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Sun26th Feb 2012

Since December 2011, the RSPB Red Kite Officer, Adam McClure, had picked up the radio signal and had several sightings from an unusual visitor - one of the Dublin kites - to my embarrassment the kite was less than two miles from my house on the Ards Peninsula, Co Down.

Last Tuesday, Andrew Murray and I had a work experience student, Phillip Patton from Regent House, Newtownards working in the office and helping with some of the fieldwork. We all decided to head out and see if we could get a closer look and a photograph and Phillip wrote down his experiences of the day:

"I arrived at Dr. Marc Ruddock's house early on Tuesday morning for work experience and was given a great opportunity to radio track the red kite which had found its way from its Dublin release site, in Donabate, to within just two miles from the project manager's house over a hundred miles away! It was a great experience for the three of us involved and it's one I won't forget. We began the radio tracking at Marc's house and first travelled to the area they had last spotted the bird just a week before and RSPB had told us the birds were usually seen but there appeared to be no sign. So from there we began to scour the whole of the Ards Peninsula up and down listening closely to the radio for any sign of a beeping noise. Time went by and it felt as if we were searching for a needle in a hay stack and might never find it but just as we were giving up hope we heard it...

We followed the beeping noise down countless country lanes, eyes peeled for anything moving in the skies. We had a few false alarms, most notably a peregrine falcon and several buzzards. We first found the bird soaring across a farmer's field too far away to get a decent view or picture so in attempt to get a better view we drove down a narrow lane but it came to a dead end and we were forced to turn back and try another route.

The second time we spotted the kite we were driving down another very narrow lane surrounded by high hedges which made spotting it much more difficult. Luckily Marc saw the red kite taking off from a fence post and he quickly jumped out onto the roof of his car and began taking photos. It was a spectacular sight, very striking even on such a miserable day. It was flying low over a field and just as it was about to disappear out of sight over the brow of the hill, the bird turned to show its unmistakable wing tags, blue and white with the clear 'B1' markings on both wings.

This kite is not alone on the Ards peninsula and is in fact one of two spotted in the area, we got a brief glimpse of another kite with brown and white wing-tags heading along the shore edge, but were not able to confirm the codes".

Since the trip out with Phillip and Andrew; Adam McClure, RSPB, has confirmed that Blue White B1 is usually seen together with Brown White 39. This was bird fledged from a nest of two young near Downpatrick by two adults which were released in 2008 and known by their wing tags Brown Black A and Brown Black T and named affectionately Caelum and Troy.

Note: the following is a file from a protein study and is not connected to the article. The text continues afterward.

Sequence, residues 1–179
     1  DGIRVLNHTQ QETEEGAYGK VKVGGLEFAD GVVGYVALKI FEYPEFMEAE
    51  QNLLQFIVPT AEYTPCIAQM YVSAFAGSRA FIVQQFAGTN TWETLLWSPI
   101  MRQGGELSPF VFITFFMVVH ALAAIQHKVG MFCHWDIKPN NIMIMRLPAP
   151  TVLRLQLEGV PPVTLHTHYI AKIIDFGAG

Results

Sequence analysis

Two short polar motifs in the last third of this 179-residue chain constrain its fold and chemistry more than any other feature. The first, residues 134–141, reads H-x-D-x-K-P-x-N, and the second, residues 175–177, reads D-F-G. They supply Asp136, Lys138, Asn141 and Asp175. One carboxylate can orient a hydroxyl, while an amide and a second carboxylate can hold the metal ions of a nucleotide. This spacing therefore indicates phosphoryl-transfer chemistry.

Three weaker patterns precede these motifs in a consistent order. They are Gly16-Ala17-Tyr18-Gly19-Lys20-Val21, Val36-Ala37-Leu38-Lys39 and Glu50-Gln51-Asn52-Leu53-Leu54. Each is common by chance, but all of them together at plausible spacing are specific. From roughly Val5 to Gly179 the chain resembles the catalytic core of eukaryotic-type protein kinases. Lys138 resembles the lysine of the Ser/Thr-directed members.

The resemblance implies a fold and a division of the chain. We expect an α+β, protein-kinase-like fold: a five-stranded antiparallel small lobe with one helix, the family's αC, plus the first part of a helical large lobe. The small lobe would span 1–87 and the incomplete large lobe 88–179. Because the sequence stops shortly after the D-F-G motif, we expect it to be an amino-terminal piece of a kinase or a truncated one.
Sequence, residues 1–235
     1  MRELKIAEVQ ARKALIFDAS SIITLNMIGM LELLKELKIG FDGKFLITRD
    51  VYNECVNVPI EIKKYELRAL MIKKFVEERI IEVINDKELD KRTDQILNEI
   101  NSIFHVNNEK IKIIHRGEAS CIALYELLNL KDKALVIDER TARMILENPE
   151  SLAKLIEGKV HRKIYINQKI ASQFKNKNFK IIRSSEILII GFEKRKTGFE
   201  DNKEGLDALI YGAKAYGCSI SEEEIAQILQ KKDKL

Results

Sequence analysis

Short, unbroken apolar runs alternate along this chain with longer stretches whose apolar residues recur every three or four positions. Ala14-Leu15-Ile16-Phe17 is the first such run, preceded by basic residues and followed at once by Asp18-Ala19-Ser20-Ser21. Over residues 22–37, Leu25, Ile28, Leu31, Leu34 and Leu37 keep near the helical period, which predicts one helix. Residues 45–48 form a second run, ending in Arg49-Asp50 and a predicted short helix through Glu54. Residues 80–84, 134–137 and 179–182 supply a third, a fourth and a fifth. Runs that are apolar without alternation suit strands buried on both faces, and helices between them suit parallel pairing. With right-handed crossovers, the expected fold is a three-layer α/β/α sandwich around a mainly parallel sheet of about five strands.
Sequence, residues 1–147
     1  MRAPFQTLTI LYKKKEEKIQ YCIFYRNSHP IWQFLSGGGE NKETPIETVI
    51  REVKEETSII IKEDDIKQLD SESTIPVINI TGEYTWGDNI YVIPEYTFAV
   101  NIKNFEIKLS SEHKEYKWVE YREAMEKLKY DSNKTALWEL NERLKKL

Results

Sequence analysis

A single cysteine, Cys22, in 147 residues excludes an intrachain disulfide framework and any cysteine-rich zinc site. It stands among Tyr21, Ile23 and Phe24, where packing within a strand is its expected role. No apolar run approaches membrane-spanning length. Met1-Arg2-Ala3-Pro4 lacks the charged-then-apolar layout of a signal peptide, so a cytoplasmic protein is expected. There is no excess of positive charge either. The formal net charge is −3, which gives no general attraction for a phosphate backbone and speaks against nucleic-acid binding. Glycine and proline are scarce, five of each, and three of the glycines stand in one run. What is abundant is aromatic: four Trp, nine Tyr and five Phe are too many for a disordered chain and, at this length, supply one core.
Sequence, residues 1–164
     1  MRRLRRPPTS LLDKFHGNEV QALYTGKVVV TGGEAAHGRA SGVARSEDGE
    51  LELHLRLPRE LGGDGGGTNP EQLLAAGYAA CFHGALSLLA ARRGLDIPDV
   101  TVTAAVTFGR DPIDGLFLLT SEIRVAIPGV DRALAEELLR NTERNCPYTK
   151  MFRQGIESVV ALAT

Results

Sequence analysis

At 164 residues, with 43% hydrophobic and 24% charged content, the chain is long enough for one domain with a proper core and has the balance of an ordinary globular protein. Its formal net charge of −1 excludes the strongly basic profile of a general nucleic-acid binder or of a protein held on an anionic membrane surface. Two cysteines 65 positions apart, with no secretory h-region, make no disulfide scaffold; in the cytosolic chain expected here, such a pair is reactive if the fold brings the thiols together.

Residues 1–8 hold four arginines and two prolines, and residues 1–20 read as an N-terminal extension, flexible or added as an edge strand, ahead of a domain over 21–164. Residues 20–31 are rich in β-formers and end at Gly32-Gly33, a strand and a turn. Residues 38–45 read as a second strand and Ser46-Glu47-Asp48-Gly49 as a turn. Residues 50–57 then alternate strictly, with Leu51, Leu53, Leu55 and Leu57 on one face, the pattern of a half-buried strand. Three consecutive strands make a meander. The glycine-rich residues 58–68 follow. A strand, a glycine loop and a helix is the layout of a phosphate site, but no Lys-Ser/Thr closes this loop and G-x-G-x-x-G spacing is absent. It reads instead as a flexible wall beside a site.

Back in the office, we searched the database and discovered that Blue White B1 was collected in Wales on the 12th June 2011 by Tony Cross from the Welsh Kite Trust and my good friend Dr George Henderson. This kite came from a very special brood of chicks being part of a nest with four young, the first ever brood of four discovered by the Welsh Kite Trust. Blue White B1 was released from Newbridge Demesne along with the other kites in July 2011 and prior to release had wing tags and the radio-transmitter fitted by Dr Allan Mee, the white-tailed eagle project manager who came up from Co. Kerry to help with the tagging. From measurements made in the cages it is estimated that Blue White B1 is a male.

Great to see the kites doing well across the island of Ireland and utilising new areas and amazing to think that one of the Dublin kites appeared to have followed me home!

A day out kiting...
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Mon25th May 2009

I probably should have posted this a little earlier as I'm sure people have been waiting to hear about the nest and how it's doing. Unfortunately it's not. We believed hatching would take place in early May, but at some point at this stage the female deserted the nest. We can't know why she would do this but I suspect the male was involved with another female and polygmy and kites doesn't usually have a happy ending. Presumably if the male had another female both would be getting less care from him than needed to successfully breed.

A day or two before our first nest failed we discovered a second nest, also in an oak tree. This nest had two eggs in it, but again was deserted within a couple of weeks of discovery. Very disappointing to say the least. However we should keep in mind that these birds are still only young and not much in breeding terms should be expected from them. The weather has also been terrible and is taking its toll on many bird of prey nests that I have visited, so presumably didn'd help the kites cause either. Anyway now that they have had a little practice hopefully next year will go better.

On the plus side we'll be going to Wales shortly and hope to import another 26 kites for Wicklow. If we reach our quota that will bring the number released in Wicklow up to 82! Lets hope the Welsh Kites are doing better than our own.

Damian

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Wed6th May 2009